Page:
“Purgatory Blues” is a steady pacing rocker that is an excellent example of the upping of energy with raucous rhythms. Cat sings about perseverance and redemption in a song that finishes off with a sweet array of keys and a shredding solo. One of the somber ones is “Twist and Tumble Journey Through The Dark,” a track that has an acoustic base while the cymbals crash and the electric guitar sneaks through at points. With a romantic vibe, “Shake The Sheets” is a love song about intimacy and intrigue. Another solo comes in at the halfway point to add an epic note.

Ian Cat will celebrate the release of East Coast New England Boy with his backing band The Crimsons at the Midway Cafe located in the Jamaica Plain neighborhood of Boston on October 28. Joining them will be The Knock Ups, OTP and The Furs. Cat and his band have been playing more in Providence these days, so be on the lookout for them at one of the many music venues in the city. When the album is released on the 28th, grab a copy of it. Think of it as a musical trifle with each song having a plethora of layers. - Motif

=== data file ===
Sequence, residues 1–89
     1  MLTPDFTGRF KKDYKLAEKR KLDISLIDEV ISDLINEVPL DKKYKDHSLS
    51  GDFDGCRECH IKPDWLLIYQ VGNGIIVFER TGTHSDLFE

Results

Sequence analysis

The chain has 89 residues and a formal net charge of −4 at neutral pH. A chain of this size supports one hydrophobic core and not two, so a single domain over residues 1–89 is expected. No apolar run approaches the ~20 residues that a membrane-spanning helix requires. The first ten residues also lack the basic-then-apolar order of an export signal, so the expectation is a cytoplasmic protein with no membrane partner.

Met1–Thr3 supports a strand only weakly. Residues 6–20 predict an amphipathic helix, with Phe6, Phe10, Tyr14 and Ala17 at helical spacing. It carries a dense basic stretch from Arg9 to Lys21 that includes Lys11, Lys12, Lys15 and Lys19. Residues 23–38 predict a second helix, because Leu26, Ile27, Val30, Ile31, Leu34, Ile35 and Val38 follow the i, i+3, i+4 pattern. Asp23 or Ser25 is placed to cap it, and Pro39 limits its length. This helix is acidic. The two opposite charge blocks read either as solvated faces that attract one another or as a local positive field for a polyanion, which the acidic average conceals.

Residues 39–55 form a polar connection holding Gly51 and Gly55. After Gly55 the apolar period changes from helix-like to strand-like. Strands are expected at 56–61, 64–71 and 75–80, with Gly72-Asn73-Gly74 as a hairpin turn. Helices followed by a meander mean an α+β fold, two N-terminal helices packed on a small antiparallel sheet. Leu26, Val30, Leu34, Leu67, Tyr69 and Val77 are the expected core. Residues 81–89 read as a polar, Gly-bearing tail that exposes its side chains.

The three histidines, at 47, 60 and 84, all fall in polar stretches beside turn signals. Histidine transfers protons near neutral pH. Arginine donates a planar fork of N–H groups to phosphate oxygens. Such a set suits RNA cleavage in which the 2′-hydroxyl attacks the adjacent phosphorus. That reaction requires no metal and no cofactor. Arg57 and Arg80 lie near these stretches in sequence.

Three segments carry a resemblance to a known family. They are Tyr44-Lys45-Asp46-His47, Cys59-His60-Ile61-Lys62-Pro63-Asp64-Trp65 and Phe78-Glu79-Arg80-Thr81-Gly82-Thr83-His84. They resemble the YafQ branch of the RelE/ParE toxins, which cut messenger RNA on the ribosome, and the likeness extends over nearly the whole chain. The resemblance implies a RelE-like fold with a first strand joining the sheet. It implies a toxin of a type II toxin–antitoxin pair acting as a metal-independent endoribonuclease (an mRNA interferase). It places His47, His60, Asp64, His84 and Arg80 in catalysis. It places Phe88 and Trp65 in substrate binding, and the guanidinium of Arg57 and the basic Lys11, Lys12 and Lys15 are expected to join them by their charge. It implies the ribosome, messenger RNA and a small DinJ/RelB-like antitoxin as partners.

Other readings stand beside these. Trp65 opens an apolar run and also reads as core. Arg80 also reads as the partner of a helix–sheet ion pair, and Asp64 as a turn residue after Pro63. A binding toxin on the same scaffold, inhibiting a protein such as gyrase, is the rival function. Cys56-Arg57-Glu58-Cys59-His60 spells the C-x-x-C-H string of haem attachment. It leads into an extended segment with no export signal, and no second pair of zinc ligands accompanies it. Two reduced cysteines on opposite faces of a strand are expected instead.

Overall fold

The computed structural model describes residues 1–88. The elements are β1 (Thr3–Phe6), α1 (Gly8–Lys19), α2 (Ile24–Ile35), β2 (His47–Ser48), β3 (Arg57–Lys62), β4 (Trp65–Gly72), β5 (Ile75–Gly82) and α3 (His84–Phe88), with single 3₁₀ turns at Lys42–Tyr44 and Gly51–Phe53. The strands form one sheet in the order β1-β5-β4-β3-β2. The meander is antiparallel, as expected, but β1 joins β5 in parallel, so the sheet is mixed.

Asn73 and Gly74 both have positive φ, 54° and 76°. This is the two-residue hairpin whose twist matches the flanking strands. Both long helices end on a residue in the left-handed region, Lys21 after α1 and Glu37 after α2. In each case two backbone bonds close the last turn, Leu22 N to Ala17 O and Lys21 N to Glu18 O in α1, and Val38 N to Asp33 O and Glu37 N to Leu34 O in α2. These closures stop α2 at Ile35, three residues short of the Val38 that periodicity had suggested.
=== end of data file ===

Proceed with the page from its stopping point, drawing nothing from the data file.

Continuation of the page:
"Song Premiere: Ian Cat makes a Logan run for love on ‘Baggage Claim’"

Boston based musician Ian Cat exudes an interesting mix of styles within his eclectic songs. There’s a tinge of distortion and feedback to give a shoegazy edge, along with guitar pop that is reminiscent of Oasis’ golden age and Wilco’s late-’90s material. All that is purely exemplified in his latest single, “Baggage Claim”, a lovely track all about waiting for the girl of your dreams at the airport. It’s acoustically driven with an electrifying solo that rips everything apart halfway through.